It can happen when you least expect it. One moment you are on a roll, in your flow, ideas and thoughts pulsing through your very being and jumping out on to your canvas. Like a well-oiled machine you generate abstract concepts with ease, marshal them, infuse them with meaning and translate them onto the page. Dynamic isn’t just a word, it is your middle name! And then suddenly…


Absolutely nothing.

The words? Gone. You stare at your brush, your pen, your camera, but nothing seems to grip you. Your creative tools no longer dance with artistic life, instead they are prone, disconnected, taking on an uncomfortable stillness.

Creative block can happen to anyone, and will most likely happen again in future.

Perhaps this sounds all too familiar, and if so know that you are not alone. We all experience the dreaded creative block, and this plight does not discriminate. You may be at the starting point of a new venture, progressing with a project or looking to finalise a piece. The important point is that creative block is not only normal, but also temporary.

In a nutshell, creative block can be defined as an indeterminate period during which the artist will struggle to produce creative output at sufficient or meaningful levels, along with a general lapse in inspiration. Its triggers can vary, along with the duration and severity of the issue. Unfortunately, common second-order effects can include a significant emotional toll as the person afflicted will often draw a parallel between intrinsic creativity (our epicenter of novel and abstract ideas that powers our creative work) and the internal mental barrier produced by creative block. This can lead to poor mental health outcomes including feelings of failure, worthlessness, depression and anxiety.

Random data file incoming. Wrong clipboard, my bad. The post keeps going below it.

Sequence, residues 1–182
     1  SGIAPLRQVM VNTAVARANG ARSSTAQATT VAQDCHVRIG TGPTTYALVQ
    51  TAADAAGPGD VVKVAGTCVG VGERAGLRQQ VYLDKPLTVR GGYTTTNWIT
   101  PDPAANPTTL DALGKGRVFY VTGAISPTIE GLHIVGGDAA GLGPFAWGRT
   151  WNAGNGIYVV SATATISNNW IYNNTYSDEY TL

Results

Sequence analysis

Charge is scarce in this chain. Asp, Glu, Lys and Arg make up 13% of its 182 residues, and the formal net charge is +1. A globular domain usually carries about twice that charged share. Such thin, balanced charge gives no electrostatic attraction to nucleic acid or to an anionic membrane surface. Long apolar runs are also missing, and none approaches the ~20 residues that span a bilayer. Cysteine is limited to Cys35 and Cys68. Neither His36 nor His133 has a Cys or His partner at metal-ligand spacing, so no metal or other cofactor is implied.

A Starting Block

So how do we overcome creative block? First let’s establish some key concepts that will be the foundation of our strategy. At the top, here are some personal belief-changers that will help correct any lingering negative self-talk that might be fueling that pesky blockage.

  1. There is nothing wrong with you.
  2. Creative block can happen to anyone.
  3. It will most likely happen again.
  4. You will get through it.

That third point might strike a chord with those considering giving up on their current creative endeavour, after all, what’s the point if this will happen again? A very good question. The idea is to understand that just like in nature, droughts can occur. It doesn’t mean that we should write off whole land masses due to an irregular dry season. Rather, accepting the situation is an important step in freeing yourself from a mindset that won’t serve your creative goals.

Similarly, knowing that you are in league with many of the greatest artists in history who have likewise faced creative block should help quell any misplaced feelings of doubt around your own creative endeavours. Experiencing creative block doesn’t make you any less talented of an artist, instead see if as an opportunity to grow. Just as the athlete who is being faced to dig deep to deliver that winning performance, you too are being called to produce something of value. It is time to overcome.

We can flip the script and invite creative block as an opportunity to reconnect to what we enjoy, the experiences we desire, and the people we love.

You vs The Wall